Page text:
Athletes in a Slump: Neurophysiological Evidence from Frontal Theta Activity

Jingu Kim


The purpose of this study is to investigate the neurophysiological differences in athletes who suffer from a slump and other athletes who do not. Eighteen high school student athletes participated in this experiment. A subjective questionnaire was conducted to identify athletes in a slump (i.e., the slump group) and not in a slump (i.e., the no-slump group). EEG data was recorded at 4 regions (left prefrontal, right prefrontal, left frontal, and right frontal). A two-way (2 groups x 4 regions) ANOVA was performed on the dependent variable (i.e., frontal theta power). The findings of this study demonstrated that participants in the no-slump group showed higher frontal theta activity than their counterparts in the slump group. From the findings of this study, it is suggested that mental fatigue may cause low frontal theta activity in athletes who experience a slump. The present study makes an important contribution to the current literature by being the first to report that EEG theta power over frontal regions can be used as a marker of athletes suffering from a slump.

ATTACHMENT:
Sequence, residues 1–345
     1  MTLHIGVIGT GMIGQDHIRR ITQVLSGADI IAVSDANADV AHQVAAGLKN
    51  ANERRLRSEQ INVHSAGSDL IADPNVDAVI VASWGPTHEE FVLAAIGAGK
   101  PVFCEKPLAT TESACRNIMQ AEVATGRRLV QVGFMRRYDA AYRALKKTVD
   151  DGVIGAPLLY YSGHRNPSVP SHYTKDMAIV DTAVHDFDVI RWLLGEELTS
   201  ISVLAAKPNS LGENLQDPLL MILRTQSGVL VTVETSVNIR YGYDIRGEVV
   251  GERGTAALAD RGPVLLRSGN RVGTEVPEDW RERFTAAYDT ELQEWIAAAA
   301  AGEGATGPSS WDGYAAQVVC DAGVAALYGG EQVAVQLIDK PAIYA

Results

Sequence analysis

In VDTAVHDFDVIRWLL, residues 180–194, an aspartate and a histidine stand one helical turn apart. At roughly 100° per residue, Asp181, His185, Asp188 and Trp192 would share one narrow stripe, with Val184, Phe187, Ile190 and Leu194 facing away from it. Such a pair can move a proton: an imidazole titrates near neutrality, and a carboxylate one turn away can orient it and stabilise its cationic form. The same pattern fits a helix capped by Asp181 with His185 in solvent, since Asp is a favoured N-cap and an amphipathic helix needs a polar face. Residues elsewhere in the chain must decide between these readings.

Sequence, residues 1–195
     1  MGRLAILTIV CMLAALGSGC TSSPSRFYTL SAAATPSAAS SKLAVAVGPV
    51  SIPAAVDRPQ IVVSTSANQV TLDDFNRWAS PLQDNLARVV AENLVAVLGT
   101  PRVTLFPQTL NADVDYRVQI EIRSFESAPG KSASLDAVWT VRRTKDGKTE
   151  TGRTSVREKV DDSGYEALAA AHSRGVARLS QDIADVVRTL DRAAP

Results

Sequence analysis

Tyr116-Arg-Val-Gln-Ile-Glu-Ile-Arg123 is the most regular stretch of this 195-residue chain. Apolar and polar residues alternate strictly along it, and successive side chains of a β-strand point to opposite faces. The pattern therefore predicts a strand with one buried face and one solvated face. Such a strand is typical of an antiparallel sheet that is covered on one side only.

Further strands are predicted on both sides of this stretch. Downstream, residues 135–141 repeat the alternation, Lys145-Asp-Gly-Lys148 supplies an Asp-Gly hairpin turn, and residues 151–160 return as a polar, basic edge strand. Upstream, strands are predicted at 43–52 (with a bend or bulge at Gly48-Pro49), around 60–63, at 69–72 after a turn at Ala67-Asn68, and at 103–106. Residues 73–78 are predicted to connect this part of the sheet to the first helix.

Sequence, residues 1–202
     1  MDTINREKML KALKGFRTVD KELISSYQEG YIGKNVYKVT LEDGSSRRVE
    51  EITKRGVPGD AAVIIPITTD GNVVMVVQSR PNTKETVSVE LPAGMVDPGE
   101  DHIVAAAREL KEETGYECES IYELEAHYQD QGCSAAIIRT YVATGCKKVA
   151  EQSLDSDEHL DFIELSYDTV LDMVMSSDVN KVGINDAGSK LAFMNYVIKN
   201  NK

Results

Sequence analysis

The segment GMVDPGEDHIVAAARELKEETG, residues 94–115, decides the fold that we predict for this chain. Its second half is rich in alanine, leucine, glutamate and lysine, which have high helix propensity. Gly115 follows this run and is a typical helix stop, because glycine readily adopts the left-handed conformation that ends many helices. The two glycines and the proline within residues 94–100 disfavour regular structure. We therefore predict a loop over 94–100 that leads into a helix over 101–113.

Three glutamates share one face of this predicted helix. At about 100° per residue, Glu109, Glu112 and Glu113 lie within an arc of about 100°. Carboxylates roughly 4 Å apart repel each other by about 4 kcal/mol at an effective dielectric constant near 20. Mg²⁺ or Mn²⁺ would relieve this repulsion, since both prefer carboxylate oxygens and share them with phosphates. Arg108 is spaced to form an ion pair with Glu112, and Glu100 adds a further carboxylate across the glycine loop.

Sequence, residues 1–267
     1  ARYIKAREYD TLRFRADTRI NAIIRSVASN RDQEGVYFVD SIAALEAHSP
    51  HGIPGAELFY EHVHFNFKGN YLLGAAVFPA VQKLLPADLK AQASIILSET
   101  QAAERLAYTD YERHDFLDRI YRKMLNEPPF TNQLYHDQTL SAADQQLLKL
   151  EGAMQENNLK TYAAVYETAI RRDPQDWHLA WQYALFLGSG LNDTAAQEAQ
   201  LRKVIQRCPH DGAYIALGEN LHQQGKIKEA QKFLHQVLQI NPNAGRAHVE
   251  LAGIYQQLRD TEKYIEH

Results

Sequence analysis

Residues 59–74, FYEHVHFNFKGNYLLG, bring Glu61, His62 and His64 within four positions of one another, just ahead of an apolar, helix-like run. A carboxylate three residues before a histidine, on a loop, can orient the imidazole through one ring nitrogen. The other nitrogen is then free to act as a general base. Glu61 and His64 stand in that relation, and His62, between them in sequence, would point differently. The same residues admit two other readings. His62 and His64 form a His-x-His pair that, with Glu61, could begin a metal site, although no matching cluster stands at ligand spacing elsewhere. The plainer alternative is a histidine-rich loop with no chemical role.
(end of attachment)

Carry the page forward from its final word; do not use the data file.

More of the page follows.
EEG; Frontal theta activity; Athletes; Mental fatigue

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